• Symptoms of hyperactivity or impulsivity include: often fidgets or squirms; often leaves seat when remaining seated is expected; often runs around in inappropriate situations; has difficulty playing quietly; is often “on the go”; often talks excessively; often blurts out answers to questions that have not been completed; has difficulty waiting one’s turn or delaying gratification; and often interrupts or intrudes on others. In adults, hyperactivity may manifest as extreme restlessness and/or wearing out others with constant activity, and impulsivity may manifest as making hasty actions or decisions (which may have high potential for harm) without thinking about the consequences.
  • Gross and fine motor abilities development may be slightly impaired in some patients/clients. 
  • Traumatic injuries tend to be more common in children with ADHD, which may be linked to functional impairments that affect motor coordination (and hence increase risk of falls and collisions) and peer relationships as well as increased physical abuse. 
  • The severity of ADHD tends to increase during adolescence, which is thought to be related to greater responsibilities and reduced supervision. Significant impairment occurs in social, academic, and/or occupational functioning, including difficulties in relationships with family and friends. 
  • Symptoms of ADHD can change over time as a patient/client ages. In young children, hyperactivity and impulsivity tend to predominate, whereas inattention tends to become more prominent as children reach elementary school. Restlessness, fidgeting, difficulties with relationships, and antisocial behaviours are common in adolescence, with restlessness, inattention, and impulsivity tending to persist into adulthood. 
  • Co-morbidities are common, including learning disabilities, conduct disorder, anxiety disorder, depression, bipolar disorder, obsessive compulsive disorder, and substance abuse.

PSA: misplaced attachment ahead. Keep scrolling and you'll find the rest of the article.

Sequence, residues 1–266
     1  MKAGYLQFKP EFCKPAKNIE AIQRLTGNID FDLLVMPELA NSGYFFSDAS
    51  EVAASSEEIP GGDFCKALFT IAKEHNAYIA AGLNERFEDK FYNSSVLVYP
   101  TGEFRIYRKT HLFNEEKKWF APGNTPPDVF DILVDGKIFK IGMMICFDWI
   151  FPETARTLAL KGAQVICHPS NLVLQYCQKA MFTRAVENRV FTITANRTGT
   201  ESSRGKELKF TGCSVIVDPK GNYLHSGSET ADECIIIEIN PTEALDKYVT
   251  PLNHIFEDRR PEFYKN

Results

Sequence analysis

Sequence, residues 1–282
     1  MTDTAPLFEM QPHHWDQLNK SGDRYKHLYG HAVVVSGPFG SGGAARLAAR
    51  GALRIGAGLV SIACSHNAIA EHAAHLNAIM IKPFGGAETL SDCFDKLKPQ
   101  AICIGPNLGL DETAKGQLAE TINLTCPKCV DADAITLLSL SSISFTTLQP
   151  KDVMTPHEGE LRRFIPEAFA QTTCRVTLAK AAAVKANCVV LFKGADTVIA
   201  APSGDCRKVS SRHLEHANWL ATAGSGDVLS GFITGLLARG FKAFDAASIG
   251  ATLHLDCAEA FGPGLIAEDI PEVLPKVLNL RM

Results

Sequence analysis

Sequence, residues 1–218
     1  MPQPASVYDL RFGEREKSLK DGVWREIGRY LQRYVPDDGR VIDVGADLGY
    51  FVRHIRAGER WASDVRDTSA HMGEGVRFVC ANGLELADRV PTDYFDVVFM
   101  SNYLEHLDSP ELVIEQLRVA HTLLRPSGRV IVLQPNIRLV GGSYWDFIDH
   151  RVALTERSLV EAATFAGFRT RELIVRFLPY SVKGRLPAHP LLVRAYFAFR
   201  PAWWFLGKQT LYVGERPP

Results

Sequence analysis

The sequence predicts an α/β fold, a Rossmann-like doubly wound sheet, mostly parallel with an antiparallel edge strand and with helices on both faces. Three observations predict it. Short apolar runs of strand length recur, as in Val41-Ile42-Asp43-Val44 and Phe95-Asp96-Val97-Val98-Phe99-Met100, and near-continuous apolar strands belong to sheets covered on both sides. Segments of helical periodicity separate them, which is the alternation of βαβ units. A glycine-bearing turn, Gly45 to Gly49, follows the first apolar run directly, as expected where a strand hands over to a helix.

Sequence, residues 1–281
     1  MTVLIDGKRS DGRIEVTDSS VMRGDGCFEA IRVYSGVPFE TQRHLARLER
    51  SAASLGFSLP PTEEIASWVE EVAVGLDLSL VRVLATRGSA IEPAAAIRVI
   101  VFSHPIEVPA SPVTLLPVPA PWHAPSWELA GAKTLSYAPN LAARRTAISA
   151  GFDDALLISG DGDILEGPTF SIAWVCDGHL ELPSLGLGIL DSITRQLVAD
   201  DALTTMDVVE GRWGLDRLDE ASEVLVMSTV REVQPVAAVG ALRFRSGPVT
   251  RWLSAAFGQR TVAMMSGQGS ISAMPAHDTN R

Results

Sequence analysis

References and sources of more detailed information

Date: February 5, 2018
Revised: March 30, 2023


1 In younger children with ADHD, the effects of shorter brushing times may be mitigated by increased frequency of parental-assisted tooth brushing. As children reach adolescence, the impact of irregular tooth brushing in the absence of assistance may be more likely to manifest as caries.
2 Local anaesthetics containing levonordefrin should not be used in patients/clients taking atomoxetine (a norepinephrine reuptake inhibitor), because the combination can increase blood pressure and cause cardiac dysrhythmias.
3 Serotonin syndrome (SS) occurs when medications are taken that cause high levels of the chemical serotonin to accumulate in the body.  Signs/symptoms include: agitation, restlessness, confusion, elevated heart rate and blood pressure, dilated pupils, muscle twitching or rigidity, reduced muscle coordination, sweating, diarrhea, headache, and shivering. In severe, life-threatening SS, signs/symptoms are high fever, seizures, cardiac dysrhythmias, and unconsciousness.
4 Stimulant drugs (such as methylphenidate, dextroamphetamine, pemoline, and amphetamine salts) used to treat ADHD may cause dry mouth, as well as affect acidity and levels of bacteria in the mouth. These effects may increase risk of caries.
5 Drugs prescribed to manage ADHD fall into two main categories: psychostimulants and non-stimulants. Stimulants (such as amphetamine, dextroamphetamine, methylphenidate, and dexmethylphenidate) increase the availability of dopamine and norepinephrine in the brain, which improves the patient/client’s alertness and attention span, as well as reduces hyperactivity. Non-stimulants (such as atomoxetine) affect norepinephrine levels but have no effect on dopamine levels. The most effective treatment for ADHD is usually a combination of medication with behavioural therapy, psychotherapy, and/or emotional counselling. Parents may also be encouraged to participate in skills training to learn techniques for managing their child’s behaviour. Antidepressants are sometimes used in the management of ADHD, as are antipsychotic drugs (e.g., risperidone, olanzapine, and quetiapine) and alpha-agonist hypotensive agents (e.g., clonidine). Depending on the age of the patient/client and the manifestations of ADHD, a paediatrician, psychiatrist, and/or psychologist may be involved in care.
6 Female children with ADHD are more likely to have problems with inattention than with hyperactivity.

* Includes oral hygiene instruction, fitting a mouth guard, taking an impression, etc.
** Ontario Regulation 501/07 made under the Dental Hygiene Act, 1991. Invasive dental hygiene procedures are scaling teeth and root planing, including curetting surrounding tissue.